Translation of solar in Spanish:

solar

solar, adj.

Pronunciation /ˈsəʊlə//ˈsoʊlər/

adjective

  • 1

    solar
    • Until that day, solar astronomers will continue to watch the sun with trepidation, never knowing what might erupt next.
    • Mars has only the tiniest trace of a magnetic field, nothing like the huge bubble that surrounds the earth and protects us from solar and cosmic radiation.
    • Collisions between energetic particles and the solar atmosphere also produce neutrons and gamma rays.
    • The encounter also shortened the comet's solar orbit time from about 40 years to less than seven.
    • Space is a hostile environment due to solar radiation, particle impacts and the intense cold of deep space.
    • Specific problems which Lexell studied in astronomy were his calculation of the solar parallax and his calculation of the orbits of several comets.
    • Large solar disturbances heat Earth's upper atmosphere, causing it to expand.
    • By then solar science was thriving and astronomers began keeping daily logs of the number of spots on the Sun.
    • At the Earth's surface, the atmosphere acts as an extra blanket to stop all but the most energetic of the solar and galactic radiation.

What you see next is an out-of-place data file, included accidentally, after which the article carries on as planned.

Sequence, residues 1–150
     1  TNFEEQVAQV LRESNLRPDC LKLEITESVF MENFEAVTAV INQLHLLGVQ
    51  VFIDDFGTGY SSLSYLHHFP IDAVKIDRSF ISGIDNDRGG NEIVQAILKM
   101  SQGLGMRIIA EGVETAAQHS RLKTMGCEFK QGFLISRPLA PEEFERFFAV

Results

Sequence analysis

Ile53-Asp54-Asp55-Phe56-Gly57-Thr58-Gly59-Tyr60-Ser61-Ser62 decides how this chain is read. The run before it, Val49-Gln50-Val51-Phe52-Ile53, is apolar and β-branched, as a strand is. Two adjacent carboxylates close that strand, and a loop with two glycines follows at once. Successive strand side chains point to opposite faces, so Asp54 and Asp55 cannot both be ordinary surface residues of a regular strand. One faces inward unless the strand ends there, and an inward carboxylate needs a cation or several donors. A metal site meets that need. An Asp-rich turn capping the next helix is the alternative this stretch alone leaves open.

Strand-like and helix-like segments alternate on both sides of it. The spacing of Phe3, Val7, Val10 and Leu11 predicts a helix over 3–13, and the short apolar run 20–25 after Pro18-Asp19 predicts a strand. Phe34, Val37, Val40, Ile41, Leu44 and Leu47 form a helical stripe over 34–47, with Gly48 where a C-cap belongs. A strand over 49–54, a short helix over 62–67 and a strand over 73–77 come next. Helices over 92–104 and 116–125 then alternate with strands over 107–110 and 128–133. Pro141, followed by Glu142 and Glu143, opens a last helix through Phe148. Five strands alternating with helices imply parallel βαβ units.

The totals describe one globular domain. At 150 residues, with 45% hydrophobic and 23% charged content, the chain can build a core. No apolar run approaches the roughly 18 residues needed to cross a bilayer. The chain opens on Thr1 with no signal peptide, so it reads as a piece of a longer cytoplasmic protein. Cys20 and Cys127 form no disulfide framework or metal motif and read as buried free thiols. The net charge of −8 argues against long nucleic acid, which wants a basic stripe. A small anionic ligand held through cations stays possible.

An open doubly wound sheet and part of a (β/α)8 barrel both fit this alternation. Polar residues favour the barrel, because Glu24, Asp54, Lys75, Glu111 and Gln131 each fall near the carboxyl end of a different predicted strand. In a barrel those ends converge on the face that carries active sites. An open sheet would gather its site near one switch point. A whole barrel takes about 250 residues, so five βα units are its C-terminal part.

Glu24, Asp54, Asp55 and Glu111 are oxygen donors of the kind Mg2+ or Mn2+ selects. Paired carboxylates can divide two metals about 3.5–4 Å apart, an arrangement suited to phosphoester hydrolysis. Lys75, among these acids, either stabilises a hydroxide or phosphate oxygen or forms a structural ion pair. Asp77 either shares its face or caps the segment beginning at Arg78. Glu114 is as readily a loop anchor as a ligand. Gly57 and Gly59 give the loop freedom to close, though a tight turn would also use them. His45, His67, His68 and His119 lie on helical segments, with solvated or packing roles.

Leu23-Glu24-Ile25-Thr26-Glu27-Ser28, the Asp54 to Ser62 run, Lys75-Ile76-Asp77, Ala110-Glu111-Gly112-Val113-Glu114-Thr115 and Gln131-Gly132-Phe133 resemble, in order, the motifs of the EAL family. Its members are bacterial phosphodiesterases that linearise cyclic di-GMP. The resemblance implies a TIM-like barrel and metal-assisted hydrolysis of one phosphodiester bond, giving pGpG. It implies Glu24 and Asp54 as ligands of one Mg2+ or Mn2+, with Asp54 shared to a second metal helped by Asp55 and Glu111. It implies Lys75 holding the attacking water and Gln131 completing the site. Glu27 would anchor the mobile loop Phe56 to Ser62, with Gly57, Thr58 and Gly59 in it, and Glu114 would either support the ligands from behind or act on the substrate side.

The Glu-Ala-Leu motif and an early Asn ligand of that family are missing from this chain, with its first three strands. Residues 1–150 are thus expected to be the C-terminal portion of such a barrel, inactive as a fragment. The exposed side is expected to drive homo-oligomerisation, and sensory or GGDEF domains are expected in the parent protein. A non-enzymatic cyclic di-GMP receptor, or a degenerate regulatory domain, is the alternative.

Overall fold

• As they move around as the Sun spins, sunspots near the solar equator return to their starting point in about twenty-five days.
    • The bright star Sirius appeared again in the predawn sky, having been lost in the solar glare for a couple of months.
    • Meteorites represent a fossil record of the early conditions of the solar nebula.
    • For the professional astronomers, the main subject of inquiry was the solar corona.
    • Algol comprises two large stars, one about three times the solar diameter, the other four times.
    • A large solar particle event can produce enough radiation to kill an unprotected astronaut.
    • These plasma flows transport, concentrate, and help spread out solar magnetic fields.
    • Early theories about sunspots were many and various including that sunspots were clouds or sunspots were solar asteroids.
    • Some asteroids orbit at a solar distance where their year is matched to Jupiter's year.
    • Most of the spots that did appear were located near the solar equator and scarcely lasted for more than one rotation of the Sun.
    • Sunspots and solar storms tend to occur in 11-year cycles; the current cycle peaked in late 2000.